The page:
Oh, I think the nine hours she got asked about everything, including that. What's most disturbing is the fact that she wasn't able to answer because of the gag order, questions involving the most critical time in her involvement with the Trump associates.
TAPPER: Yesterday, she announced she's leaving the White House in the coming weeks. Did you have any inkling this was coming? Do you think it has something to do with the Russian investigation?
QUIGLEY: No inkling at all. I thought she was calm, composed, extraordinarily well-prepared. I heard rumblings that the president said something about, how could you be so stupid? I think she was anything but stupid. She was extraordinarily ready for that interview yesterday. And aside from the fact she couldn't talk about certain things and time frames because of the gag order, you know, I had a hard time believing that she wasn't forthcoming about the other periods.
TAPPER: In terms of the comments made about telling white lies on behalf of the president, there's, obviously, a big difference between telling somebody on the phone he's in a meeting, he can't talk to you, which is a white lie that I think nobody would really object to, and lying to the public, lying to a reporter about something of consequence.
Did she mean one or the other in particular?
QUIGLEY: You know, it's hard to tell. If we're not allowed to push a witness to answer questions about all time frames, it's extraordinarily difficult to know. You know, it's deep within her own mind what she really meant, how much she was willing to protect the president, and it's clear to me in watching witnesses, perhaps now over 60 and over a year's period, those close to the president were willing to do just about anything to defend him. So, I suppose if we're lucky, we'll get her back under subpoena under this time frame and we'll find out more.
But right now, we've been stalled and stymied on this investigation because my Republican friends are willing to let the White House install a gag order on our key witnesses.
TAPPER: Speaking of your Republican friends, take a listen to your colleague, Republican Congressman Tom Rooney who's also on the House Intelligence Committee also.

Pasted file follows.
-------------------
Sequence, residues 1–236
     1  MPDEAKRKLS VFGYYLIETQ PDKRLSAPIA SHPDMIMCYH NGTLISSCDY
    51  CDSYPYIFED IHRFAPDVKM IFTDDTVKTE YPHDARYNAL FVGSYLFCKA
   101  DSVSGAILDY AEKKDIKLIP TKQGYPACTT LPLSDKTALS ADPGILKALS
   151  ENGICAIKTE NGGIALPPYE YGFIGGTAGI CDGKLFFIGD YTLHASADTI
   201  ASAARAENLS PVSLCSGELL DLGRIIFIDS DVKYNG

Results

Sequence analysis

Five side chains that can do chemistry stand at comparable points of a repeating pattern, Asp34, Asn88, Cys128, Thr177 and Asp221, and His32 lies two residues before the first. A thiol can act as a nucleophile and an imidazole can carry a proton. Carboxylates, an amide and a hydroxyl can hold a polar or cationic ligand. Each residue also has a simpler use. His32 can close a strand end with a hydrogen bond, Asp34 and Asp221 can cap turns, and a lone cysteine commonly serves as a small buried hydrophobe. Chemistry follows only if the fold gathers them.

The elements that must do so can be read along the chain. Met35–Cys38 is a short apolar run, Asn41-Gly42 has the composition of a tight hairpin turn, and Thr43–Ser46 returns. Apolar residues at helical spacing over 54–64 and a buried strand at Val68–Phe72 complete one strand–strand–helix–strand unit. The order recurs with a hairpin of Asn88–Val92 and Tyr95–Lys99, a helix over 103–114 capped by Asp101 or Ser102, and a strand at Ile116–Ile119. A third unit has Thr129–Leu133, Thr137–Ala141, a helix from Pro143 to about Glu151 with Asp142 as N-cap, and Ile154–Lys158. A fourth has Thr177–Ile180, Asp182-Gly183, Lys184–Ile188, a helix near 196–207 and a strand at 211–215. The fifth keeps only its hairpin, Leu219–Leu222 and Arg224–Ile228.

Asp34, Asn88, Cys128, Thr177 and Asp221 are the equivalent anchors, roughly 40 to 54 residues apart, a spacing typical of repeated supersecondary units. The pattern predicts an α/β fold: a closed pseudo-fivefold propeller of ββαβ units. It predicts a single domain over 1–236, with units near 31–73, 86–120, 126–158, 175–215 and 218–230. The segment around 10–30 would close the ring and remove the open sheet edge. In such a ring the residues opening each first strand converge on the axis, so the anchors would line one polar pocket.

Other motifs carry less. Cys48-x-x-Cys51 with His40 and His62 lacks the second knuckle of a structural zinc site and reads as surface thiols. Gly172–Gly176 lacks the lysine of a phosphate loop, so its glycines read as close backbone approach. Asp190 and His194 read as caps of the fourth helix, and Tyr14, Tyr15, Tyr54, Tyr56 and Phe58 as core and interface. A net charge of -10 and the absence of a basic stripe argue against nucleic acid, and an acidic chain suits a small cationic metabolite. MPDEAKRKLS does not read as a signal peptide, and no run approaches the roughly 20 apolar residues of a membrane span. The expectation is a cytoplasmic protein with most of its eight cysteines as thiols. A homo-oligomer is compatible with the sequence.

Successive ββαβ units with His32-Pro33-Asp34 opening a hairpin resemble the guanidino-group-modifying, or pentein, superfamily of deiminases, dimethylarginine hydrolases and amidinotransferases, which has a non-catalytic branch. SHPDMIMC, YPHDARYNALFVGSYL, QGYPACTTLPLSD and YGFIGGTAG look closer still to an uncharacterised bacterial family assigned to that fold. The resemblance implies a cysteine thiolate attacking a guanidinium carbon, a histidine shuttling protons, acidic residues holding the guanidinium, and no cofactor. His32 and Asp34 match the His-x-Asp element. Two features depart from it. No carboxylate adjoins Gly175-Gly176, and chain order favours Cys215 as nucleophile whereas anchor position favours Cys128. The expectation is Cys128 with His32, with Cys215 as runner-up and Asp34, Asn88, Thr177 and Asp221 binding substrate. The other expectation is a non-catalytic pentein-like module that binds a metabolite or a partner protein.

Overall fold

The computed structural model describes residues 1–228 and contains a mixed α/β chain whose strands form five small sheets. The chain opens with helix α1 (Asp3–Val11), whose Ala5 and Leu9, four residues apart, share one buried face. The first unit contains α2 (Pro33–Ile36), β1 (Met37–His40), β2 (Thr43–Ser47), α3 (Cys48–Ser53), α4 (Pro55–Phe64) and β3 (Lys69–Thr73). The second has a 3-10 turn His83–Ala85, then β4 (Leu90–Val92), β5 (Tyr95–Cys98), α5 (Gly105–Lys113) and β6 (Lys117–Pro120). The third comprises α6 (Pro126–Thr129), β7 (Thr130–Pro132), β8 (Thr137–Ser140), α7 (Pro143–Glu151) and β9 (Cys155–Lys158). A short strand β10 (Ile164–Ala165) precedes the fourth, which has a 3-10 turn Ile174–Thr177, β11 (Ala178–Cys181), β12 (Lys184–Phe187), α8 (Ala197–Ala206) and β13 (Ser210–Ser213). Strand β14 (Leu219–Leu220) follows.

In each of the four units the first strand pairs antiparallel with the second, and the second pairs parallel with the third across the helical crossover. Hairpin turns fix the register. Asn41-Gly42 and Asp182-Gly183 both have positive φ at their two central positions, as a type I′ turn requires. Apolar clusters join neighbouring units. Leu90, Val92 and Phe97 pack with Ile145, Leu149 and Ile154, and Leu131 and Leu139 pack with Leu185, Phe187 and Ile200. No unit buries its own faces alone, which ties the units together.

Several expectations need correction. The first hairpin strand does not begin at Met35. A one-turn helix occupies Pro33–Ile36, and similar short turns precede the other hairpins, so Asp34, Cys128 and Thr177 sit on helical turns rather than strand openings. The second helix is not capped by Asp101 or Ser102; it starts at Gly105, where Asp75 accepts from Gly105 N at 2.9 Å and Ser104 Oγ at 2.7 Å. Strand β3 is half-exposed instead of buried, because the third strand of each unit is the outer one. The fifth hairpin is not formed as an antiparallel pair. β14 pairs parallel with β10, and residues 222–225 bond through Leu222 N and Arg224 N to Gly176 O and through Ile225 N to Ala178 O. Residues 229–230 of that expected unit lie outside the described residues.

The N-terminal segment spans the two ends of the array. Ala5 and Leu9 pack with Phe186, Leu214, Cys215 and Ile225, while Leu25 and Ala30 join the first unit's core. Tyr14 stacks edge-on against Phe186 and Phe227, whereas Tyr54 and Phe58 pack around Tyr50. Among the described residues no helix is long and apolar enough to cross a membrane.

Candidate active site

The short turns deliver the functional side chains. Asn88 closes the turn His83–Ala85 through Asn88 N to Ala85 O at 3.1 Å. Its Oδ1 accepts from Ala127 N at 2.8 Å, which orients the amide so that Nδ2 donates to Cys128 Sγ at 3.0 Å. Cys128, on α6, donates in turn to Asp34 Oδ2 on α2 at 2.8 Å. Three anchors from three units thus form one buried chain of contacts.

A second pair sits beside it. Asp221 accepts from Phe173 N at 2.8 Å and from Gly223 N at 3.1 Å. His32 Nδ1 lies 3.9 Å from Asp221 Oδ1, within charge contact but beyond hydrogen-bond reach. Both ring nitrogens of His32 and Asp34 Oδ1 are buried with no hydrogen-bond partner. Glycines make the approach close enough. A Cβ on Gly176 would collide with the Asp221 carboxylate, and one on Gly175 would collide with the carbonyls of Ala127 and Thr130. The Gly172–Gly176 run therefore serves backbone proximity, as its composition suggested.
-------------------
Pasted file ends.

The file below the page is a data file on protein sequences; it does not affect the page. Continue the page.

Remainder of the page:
(BEGIN VIDEO CLIP)
REP. TOM ROONEY (R), FLORIDA: We need to end this investigation. It's been going on for a year. We've interviewed scores of witnesses, and now we've gotten to the point now where we are literally bringing people in for nine hours just so that the Democrats can leak to the press something as ridiculous as white lies.
(END VIDEO CLIP)
TAPPER: How do you respond, sir?
QUIGLEY: Yes. I mean, putting aside yesterday's testimony, because in the grand scheme of things, it's not that critical, we have not even touched on money laundering, right? Deutsche Bank was fined $610 million for helping the Russians launder money, and who was the Trump financial world financing? Trump associates. It came from Deutsche Bank.
We haven't talked about Peter Smith. We've let people like Sessions, Trump Jr., Lewandowski, and Bannon not answer critical questions. So, sure, it's taken a year, a lot of that because we've wasted time on the memo, and we let the White House dictate how we're going to move forward on the investigation. If they are serious about this, let Mr. Nunes stand aside. I don't think this is on Mr. Rooney. I think it's on the speaker of
the House for letting them do this, he is complicit as anyone in stalling this investigation and, frankly, obstructing it.
TAPPER: The White House has not implemented the sanctions that Congress overwhelmingly passed against Russia for election interference. Do you think that that is relevant to the Russian investigation?
QUIGLEY: It's extraordinary that no one in the White House -- no one in the majority, in the House and Senate, hasn't spoken out about this. In any other law passed so overwhelmingly that the executive branch says we're not going to enforce this, it's just beyond comprehension. And the fact of the matter is, the White House has said, and the president has said there's nothing to this.